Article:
There is quite a bit of documentation on this problem online. Try googling "first student touches all lockers" without the quotes. I would give you some specific websites, but I'm unable to post links. Good luck!
Lets look at locker number "n". All the lockers are locked to begin with. Since all the lockers are opened on the 1st pass, locker "n" is now open. For locker "n" to be closed on the 2nd pass, n must be divisible by 2. For the locker to be opened on the 3rd pass, it must be divisible by 3. For the locker to be closed on the 4th pass, it must be divisible by 4. Clearly, the locker is either opened or closed as long as the locker number is divisible by each successive divisor of "n". After the one thousandth student has made his contribution to the celebration, locker "n" will only be open if it was acted upon an odd number of times. We can therefore conclude that locker "n" will be open if, and only if, the number "n" has an odd number of factors or divisors. But the only numbers that have an odd number of factors/divisors are the perfect squares. Thus, if "n" is open, it is one of the perfect squares. The lockers that remain open are therefore numbers 1, 4, 9, 16, 25, 36, 49, 64, 81, 100, 121, 144, 169, 196, 225, 256, 289, 324, 361, 400, on up to 961.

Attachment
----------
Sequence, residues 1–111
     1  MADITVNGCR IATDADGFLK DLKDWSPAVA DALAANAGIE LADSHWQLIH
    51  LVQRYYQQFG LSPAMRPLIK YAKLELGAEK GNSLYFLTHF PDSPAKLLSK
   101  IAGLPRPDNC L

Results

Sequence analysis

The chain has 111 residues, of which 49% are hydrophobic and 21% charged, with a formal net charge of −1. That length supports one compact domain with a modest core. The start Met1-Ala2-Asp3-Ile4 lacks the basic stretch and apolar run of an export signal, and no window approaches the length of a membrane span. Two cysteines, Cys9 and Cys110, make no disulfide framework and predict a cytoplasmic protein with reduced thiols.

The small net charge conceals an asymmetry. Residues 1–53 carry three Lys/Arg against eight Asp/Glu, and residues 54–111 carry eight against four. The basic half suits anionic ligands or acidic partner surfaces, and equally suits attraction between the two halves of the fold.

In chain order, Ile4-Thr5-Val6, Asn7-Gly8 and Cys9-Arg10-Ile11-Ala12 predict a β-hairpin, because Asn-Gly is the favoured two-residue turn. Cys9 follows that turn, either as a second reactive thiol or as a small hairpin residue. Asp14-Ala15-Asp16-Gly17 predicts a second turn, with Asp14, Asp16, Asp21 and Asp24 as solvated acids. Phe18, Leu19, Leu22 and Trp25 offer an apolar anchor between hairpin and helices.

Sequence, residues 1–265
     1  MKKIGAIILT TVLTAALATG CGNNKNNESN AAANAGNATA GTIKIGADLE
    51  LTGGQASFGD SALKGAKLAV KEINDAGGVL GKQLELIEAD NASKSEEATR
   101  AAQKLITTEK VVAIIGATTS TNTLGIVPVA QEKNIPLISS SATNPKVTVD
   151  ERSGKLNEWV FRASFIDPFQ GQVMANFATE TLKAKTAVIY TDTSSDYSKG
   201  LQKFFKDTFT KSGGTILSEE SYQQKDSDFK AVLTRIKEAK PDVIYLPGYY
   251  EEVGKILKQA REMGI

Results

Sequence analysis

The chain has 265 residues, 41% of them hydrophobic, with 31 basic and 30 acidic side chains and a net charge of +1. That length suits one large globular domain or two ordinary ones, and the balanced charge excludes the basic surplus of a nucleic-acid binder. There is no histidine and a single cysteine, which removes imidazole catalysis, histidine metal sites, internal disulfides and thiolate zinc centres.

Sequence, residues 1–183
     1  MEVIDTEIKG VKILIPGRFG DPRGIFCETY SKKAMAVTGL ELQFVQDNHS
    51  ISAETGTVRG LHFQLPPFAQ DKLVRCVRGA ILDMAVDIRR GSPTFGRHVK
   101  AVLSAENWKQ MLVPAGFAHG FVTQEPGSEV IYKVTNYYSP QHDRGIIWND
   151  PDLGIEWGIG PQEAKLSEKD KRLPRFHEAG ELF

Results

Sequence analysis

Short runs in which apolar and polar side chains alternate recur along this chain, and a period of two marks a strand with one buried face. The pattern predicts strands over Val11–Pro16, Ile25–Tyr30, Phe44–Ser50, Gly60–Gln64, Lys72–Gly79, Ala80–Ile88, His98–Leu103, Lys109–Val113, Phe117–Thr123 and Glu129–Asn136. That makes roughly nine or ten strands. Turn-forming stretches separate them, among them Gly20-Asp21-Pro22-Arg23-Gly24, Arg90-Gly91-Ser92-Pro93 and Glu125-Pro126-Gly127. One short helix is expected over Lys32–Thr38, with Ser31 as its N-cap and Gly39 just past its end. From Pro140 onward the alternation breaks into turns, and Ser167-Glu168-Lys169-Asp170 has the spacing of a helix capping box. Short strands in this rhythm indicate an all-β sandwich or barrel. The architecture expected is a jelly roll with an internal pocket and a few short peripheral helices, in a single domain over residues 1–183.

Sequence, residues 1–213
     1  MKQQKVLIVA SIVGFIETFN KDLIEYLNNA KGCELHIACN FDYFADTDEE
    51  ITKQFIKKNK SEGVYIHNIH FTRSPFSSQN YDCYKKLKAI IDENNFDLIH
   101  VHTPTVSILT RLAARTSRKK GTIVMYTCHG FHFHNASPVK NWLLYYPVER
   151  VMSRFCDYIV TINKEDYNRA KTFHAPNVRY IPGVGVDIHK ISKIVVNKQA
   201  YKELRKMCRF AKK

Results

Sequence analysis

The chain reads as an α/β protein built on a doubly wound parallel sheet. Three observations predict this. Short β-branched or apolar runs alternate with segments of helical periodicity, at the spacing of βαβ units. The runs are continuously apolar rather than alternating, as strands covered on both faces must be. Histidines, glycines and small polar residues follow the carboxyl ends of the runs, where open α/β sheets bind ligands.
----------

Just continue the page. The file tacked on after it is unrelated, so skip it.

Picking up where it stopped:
For each locker number, find all of the exact divisors including 1 and the number itself. If the number of divisors is odd, then the number of people who reversed the locker is odd, and the locker is open. If the number of divisors is even, then the number of people who reversed the locker is even, and it is closed. The only numbers with an odd number of divisors are the perfect squares. Therefore, the lockers that remain open are those identified by the perfect squares.